Central Virginia Organic Gardener

"And 'tis my faith that every flower enjoys the air it breathes." - William Wordsworth, 1798

Wednesday, September 29, 2010

Iris Division

Divide To Conquer

If you love bearded iris like I do, you know that, after a few years, they produce fewer and fewer blooms, and may stop blooming altogether. When this happens, it means that the iris has formed a large clump of rhizomes and they need to be divided. Dividing the rhizomes “freshens” the plant, so that it will produce flowers next year and give you several more years of lovely blooms. Digging up the rhizomes also gives you a chance to inspect the rhizomes, removing any that are rotting, diseased or infested with bugs.

Dividing bearded iris is fairly easy. I use a digging fork and push the times of the fork down and a bit toward the rhizome clump (you might need to do this from one to three different angles or sides of the rhizome clump). If you have your irises planted correctly, the rhizomes basically lay atop the soil and are held in place by roots growing from the rhizome. Once you have the clump dug up, inspect it and remove any diseased, rotted or infested sections and with a sharp knife. Then, cut the rhizome clump up into several sections- you will see when you look at the clump where the cuts make the most sense (at the “necks” or thinner parts where the newer rhizomes join the old rhizome). Some people dip the cut rhizome into a 10% bleach solution, claiming it reduces fungal rot, but I never do.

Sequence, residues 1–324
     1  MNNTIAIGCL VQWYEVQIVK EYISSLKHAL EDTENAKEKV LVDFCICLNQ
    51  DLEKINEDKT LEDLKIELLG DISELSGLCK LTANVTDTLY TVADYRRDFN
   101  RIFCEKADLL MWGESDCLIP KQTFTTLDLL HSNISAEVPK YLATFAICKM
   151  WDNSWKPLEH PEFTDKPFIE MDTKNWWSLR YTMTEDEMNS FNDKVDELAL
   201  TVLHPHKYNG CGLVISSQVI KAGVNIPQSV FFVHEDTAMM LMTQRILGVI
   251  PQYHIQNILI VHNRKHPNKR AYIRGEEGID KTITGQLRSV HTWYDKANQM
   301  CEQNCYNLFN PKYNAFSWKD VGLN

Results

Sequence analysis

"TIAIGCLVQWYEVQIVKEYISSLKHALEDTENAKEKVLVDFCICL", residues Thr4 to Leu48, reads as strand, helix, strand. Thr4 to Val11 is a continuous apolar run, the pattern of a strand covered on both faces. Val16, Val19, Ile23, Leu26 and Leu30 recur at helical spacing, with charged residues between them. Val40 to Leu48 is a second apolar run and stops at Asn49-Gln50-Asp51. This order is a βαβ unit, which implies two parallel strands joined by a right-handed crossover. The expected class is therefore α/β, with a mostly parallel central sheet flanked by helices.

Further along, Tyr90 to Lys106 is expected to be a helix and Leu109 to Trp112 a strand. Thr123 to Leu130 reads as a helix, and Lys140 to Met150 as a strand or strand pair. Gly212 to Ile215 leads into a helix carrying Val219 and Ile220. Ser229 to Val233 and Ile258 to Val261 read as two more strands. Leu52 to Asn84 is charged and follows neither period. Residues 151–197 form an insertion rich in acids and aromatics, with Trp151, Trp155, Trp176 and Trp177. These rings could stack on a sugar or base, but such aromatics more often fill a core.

Cut back the foliage to about 2 inches (this is to prevent the plant from toppling over when you replant it and to stop the natural die off of the leaf, which is unsightly). Take each section and plant as you did when you got your first rhizome, with the rhizome atop the soil, roots under the soil. I often take some 1 to 2 foot sticks outside with me when I do this task to help prop the plants upright until the new roots get to grow and anchor the plant into the soil. Water in, check to make sure the soil still covers the roots, but not the rhizomes, and water sparingly over the next few weeks.

One unrelated note: I recently started a full time job that I love and one that is intellectually stimulating, even though it has nothing to do with gardening! I am committed to continuing my gardening (though my fall garden looks a little sad right now, with less attention and this current drought) and to continuing this garden blog, one of the great pleasures of my life!

Happy gardening!

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